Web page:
The Mission: Impossible series has lasted for almost 20 years and is one of Tom Cruise’s most recognisable roles. They aren’t groundbreaking cinema, nor are they the best films about espionage in the modern age. But what they never fail to be is an entertaining, high impact action film series, with Cruise’s headstrong performances a primary reason to revisit them again and again.

Review: Fantastic Four (2015)

Unfortunately this is not the reboot of Fantastic Four that the original 1961 comic book series deserves. Fant4stic (as it’s been remarketed) lacks the thrill, charisma and chemistry necessary for a superhero film to succeed.

Paper Towns and the death of the teen Manic Pixie Dream Girl

From the outset, Paper Towns just looks like another boring, predictable teenage film about a White unpopular high school boy and his infatuation with his beautiful White popular girl neighbour. But instead the film handles the main themes and common clichés well, with depth and humour throughout, making the film an above average teen rom com.

Review: Trainwreck (2015)

In recent years Melissa McCarthy has brought to our screens a different kind of funny woman: rowdy, sex-positive, dirty-talking, and unconventional in every sense of the word. But comedienne Amy Schumer’s debut film Trainwreck embodies many of these aspects and more as she continues to drive a provocative humour that pushes many boundaries, making the film one of the funniest and more original ones this year.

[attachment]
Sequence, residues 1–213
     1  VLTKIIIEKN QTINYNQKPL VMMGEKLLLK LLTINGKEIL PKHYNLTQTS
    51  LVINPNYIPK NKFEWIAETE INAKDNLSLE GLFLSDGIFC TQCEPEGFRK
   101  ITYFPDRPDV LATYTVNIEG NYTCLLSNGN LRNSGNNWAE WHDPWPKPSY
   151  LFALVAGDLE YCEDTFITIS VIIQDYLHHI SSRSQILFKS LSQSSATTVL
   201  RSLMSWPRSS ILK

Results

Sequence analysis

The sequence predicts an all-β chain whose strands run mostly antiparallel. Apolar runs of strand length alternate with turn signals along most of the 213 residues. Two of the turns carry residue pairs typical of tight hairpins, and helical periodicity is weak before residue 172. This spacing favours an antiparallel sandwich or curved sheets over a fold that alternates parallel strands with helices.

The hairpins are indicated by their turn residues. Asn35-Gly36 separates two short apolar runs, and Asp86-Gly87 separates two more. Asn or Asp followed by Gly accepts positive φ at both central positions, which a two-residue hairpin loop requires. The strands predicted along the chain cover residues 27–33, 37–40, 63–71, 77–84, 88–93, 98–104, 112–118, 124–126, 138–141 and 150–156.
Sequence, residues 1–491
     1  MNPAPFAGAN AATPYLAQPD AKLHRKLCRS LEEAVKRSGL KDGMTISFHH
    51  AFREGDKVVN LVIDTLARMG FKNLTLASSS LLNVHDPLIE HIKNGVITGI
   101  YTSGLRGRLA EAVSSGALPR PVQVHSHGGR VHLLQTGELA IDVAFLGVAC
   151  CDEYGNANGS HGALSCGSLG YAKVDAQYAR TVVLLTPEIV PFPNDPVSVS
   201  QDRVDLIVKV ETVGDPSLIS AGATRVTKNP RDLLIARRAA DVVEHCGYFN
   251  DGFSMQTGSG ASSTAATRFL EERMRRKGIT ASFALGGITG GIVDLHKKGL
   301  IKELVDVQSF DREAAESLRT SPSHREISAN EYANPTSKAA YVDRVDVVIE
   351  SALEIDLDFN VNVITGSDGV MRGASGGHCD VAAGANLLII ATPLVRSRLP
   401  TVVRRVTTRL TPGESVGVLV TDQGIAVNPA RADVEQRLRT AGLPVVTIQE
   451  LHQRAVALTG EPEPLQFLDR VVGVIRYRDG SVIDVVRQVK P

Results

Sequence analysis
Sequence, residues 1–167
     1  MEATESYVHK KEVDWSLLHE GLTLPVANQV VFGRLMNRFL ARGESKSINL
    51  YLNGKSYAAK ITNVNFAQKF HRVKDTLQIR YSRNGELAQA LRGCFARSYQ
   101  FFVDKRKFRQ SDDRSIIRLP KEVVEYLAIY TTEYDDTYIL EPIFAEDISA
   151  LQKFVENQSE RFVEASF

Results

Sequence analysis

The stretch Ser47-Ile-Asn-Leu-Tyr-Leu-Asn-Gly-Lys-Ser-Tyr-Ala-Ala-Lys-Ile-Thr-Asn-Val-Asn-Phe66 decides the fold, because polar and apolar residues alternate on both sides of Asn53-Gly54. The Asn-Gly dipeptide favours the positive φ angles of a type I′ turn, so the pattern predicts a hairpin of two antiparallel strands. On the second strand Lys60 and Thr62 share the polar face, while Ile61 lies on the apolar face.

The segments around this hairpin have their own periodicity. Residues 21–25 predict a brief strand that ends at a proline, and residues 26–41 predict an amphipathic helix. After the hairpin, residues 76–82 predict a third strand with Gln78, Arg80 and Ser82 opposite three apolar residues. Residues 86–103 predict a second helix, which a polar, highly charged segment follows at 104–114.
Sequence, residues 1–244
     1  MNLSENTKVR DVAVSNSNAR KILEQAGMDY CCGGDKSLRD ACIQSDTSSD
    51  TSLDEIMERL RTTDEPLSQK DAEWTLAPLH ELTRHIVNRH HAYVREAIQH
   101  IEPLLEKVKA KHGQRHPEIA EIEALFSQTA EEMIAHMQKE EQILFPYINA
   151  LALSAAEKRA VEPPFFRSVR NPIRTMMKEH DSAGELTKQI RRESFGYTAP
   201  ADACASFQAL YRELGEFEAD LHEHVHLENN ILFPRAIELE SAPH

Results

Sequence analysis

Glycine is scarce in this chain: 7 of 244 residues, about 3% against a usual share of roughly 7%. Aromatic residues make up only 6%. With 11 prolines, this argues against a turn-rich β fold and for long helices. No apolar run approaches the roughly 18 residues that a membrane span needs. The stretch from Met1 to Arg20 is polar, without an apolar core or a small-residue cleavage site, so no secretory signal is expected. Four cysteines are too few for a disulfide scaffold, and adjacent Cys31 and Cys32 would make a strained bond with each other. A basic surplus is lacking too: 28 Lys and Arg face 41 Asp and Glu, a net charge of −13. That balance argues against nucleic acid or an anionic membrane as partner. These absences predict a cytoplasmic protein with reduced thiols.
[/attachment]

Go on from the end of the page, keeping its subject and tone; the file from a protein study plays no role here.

Review: Bring It On, Parade Theatre (2015)

When Bring It On: The Musical opened on Broadway in 2012, audiences had only five months to catch the show before it was unceremoniously taken off the Great White Way.

Review: Aida, Handa Opera on Sydney Harbour (2015)

Nothing has challenged the 600-year tradition of indoor opera more than performing it outdoors. Without the imposition of a theatre, Handa Opera’s outdoor production of Aida on Sydney Harbour is one that aims to bring down the well-established walls of the opera experience. Unfortunately, it delivers delicious spectacle without an emotional build.

Review: Les Miserables, Capitol Theatre (2015)

After a year long play in Melbourne and shirt stint in Perth, musical classic Les Miserables hits the Capitol Theatre in Sydney after over a decade since it last played in the city.

Review: Le Noir – The Dark Side of Cirque, Lyric Theatre (2015)

Circus performance is something that has changed greatly over the years. Whether it’s the artistic and alternative performances of Cirque du Soleil or the traditional fairground shows of amateur big tops, there seems to be two different types of circus performers that circulate in the entertainment world.

Review: Thriller Live, Lyric Theatre, The Star (2015)

Walking into Thriller Live, there were two things that were evident. Firstly, the median age of the Lyric Theatre’s audience was 35 at best. Secondly, I was in a MJ fanatical crowd, the likes of which I had never experienced before.

The American Remake Of ‘The Slap’ Is Here, And It’s Kind Of Terrible

Taking into account the nature of the plot and the fact that the novel was able to capture specific parts of Australian society and culture that hadn’t been properly explored before, it’s no surprise that the new Americanised series, which premiered last week on NBC, has received mixed reviews

Review: The Second Best Exotic Marigold Hotel (2015)

It’s a common fact that sequels are hit and miss. With films that have such a successful formula, it’s difficult to not want to repeat the same old recipe with a few new ingredients, as it is taking a chance to make the a sequel a completely different affair.